Up until the 1960s, the Asprete fish could be found in three interconnecting Romanian rivers - the Valsan, the Arges and the Raul Doamnei – where it could swim unimpaired for many kilometres in the cold, fast flowing waters. Today, their habitat has been drastically reduced and Asprete can now only be found in a 1 kilometre stretch of the Valsan.
In the early 2000s there were nearly 200 Asprete to be found in the Valsan, but today only 10 to 15 individuals are estimated to remain. This miniscule number represents the total and only population of this prehistoric fish on Earth. This living fossil has swam unchanged for 65 million years but now, thanks to anthropogenic threats both past and present, has finally reached the tipping point of extinction.
In 2020, these aged fish face threats from deforestation, illegal waste disposal and the theft of river stones under which they hide and lay their eggs
In the late 1960s the communist regime built dams along the mountain rivers of Romania. This reduced the flow of water, consequently slashing habitats available to the Asprete. In 2020, these aged fish face further threats from deforestation, illegal waste disposal and the theft of river stones under which they hide during the day and lay their eggs during breeding season.
So are the Asprete lost forever? Some wildlife conservationists are hopeful they can bring the Asprete back from the brink of extinction. By restoring the Valsan to its former glory, repairing habitats and introducing a captive breeding programme that will eventually repopulate the river, they hope to act as the lifeline the Asprete so desperately need.
This, however, would cost millions of euros and many would argue that it’s too little too late. That the Asprete are lost to us forever and efforts to revive them are fruitless, costly and with little chance of success.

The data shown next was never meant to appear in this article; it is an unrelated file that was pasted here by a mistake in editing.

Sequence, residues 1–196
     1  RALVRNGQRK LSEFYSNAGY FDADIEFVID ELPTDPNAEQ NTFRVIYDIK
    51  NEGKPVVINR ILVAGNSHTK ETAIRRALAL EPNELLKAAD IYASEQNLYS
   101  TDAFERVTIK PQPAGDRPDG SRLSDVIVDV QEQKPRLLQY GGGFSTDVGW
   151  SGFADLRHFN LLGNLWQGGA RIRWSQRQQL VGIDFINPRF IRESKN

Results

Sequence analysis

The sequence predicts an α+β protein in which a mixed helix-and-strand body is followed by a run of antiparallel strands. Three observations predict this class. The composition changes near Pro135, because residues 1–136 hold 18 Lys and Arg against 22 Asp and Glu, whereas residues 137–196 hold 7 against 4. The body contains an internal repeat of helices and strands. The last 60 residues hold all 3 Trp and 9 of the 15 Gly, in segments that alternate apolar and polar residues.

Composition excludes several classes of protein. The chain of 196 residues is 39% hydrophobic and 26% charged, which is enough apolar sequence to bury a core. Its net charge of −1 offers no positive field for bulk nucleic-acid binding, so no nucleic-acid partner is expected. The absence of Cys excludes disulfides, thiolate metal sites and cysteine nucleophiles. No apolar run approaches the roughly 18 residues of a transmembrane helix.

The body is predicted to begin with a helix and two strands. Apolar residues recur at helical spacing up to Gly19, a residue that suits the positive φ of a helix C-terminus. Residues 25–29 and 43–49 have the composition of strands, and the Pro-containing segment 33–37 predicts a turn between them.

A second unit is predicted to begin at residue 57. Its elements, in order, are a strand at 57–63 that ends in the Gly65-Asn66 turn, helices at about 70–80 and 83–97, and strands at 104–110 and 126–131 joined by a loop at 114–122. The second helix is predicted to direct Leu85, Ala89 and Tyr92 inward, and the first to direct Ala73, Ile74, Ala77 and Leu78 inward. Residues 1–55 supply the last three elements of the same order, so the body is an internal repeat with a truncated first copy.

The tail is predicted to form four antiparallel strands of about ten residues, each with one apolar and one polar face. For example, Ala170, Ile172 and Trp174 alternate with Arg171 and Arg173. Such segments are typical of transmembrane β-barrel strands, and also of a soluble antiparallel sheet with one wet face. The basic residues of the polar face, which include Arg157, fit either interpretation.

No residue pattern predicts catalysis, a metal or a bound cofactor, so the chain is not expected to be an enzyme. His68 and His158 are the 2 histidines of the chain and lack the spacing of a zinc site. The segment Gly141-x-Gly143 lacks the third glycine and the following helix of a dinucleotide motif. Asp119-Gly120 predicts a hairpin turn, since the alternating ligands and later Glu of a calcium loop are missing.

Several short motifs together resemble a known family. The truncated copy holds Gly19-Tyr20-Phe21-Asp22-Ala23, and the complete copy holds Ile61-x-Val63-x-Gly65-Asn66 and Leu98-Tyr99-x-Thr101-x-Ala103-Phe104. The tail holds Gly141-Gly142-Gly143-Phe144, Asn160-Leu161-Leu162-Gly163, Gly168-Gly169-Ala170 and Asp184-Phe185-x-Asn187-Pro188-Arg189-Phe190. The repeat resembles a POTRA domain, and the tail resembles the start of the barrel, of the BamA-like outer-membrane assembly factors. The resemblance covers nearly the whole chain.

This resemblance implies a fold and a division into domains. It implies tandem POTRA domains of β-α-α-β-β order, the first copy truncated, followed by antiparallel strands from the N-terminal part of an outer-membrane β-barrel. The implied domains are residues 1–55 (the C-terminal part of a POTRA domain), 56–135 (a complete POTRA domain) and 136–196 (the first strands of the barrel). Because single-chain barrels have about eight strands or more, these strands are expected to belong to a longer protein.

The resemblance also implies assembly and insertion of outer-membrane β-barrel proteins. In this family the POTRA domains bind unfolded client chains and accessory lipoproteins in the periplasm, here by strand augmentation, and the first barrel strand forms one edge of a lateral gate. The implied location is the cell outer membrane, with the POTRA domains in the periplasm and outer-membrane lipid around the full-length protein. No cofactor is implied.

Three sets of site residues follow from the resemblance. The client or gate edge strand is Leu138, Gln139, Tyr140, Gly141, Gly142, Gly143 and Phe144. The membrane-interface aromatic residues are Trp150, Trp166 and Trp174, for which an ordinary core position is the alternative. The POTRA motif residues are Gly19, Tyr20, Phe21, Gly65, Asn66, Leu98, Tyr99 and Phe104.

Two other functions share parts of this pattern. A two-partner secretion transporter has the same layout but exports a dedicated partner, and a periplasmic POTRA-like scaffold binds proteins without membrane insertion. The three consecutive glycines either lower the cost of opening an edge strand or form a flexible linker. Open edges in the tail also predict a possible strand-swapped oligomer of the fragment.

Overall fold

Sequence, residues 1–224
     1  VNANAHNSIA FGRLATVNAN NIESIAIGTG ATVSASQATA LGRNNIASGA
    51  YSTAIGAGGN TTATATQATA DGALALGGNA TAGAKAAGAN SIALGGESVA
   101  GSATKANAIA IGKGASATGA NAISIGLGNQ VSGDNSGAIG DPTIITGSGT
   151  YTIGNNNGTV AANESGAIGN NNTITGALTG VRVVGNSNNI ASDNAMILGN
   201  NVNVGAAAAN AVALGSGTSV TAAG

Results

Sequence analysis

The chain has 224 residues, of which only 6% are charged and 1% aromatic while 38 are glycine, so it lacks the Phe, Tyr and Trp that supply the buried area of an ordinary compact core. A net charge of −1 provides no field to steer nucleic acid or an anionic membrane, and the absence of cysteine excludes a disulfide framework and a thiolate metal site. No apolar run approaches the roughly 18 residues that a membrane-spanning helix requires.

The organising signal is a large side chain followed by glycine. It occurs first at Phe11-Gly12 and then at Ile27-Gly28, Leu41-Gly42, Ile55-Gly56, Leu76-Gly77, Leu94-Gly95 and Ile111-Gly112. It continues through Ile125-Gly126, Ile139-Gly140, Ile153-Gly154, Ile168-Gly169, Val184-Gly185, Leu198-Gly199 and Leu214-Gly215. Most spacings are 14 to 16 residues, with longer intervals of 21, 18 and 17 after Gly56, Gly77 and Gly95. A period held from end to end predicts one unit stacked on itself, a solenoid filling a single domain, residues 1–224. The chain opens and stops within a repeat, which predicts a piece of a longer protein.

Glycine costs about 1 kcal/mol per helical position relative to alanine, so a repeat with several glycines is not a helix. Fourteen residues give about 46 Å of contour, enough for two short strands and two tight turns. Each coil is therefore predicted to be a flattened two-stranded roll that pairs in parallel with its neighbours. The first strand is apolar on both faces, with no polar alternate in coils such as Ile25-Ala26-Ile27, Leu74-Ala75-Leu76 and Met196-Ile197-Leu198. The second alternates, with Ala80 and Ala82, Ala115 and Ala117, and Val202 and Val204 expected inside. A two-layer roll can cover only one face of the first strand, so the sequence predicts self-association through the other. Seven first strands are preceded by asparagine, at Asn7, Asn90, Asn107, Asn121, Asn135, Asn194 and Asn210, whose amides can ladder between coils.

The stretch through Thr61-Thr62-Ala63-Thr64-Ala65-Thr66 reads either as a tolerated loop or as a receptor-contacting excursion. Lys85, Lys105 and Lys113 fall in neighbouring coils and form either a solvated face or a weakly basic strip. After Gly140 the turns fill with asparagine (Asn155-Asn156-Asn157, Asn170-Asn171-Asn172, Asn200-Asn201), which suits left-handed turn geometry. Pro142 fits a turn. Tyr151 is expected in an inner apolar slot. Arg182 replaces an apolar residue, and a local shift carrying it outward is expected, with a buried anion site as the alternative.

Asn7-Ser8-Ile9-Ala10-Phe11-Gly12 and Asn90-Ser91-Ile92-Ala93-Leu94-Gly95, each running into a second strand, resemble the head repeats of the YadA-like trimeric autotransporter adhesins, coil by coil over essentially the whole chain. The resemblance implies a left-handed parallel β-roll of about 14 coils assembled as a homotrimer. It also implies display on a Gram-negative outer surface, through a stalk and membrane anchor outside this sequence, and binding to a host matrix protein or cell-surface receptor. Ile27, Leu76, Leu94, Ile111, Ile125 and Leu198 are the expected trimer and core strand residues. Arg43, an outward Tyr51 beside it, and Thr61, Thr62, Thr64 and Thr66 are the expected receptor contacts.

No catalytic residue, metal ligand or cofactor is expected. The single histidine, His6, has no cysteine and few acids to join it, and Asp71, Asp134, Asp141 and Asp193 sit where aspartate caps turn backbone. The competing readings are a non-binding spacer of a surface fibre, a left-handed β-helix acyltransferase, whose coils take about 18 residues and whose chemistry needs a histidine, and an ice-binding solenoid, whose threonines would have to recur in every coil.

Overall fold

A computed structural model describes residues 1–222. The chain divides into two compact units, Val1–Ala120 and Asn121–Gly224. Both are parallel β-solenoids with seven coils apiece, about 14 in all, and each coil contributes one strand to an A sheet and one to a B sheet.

Why should we bother spending so much money just to save a single species of fish?
Previous attempts to save marine wildlife, such as those to prevent the extinction of the vaquita (a small, shy porpoise found in the Gulf of Mexico of which 10 are believed to remain) have been extremely expensive, appear to have little effect and have been hampered by many a foe, such as the continued illegal fishing for vaquita. So really, why should we bother spending so much money just to save a single species of fish?
Maybe the Asprete are worth saving as they act as living, breathing records of evolution from which we have much to learn about the state of our planet today. If a fish who has survived for millions of years is suddenly threatened by the health of the planet today surely this is cause for great concern. Or possibly attempts to save the Asprete are more a moral obligation. It is our fault that they teeter on the edge; our actions have had dire consequences and perhaps it’s time take responsibility.
Whatever side you are on, whether you think the Asprete are worth saving or should simply be left to fade into non-existence, you need to make that choice now. Or very soon there may be no need to make a choice at all.
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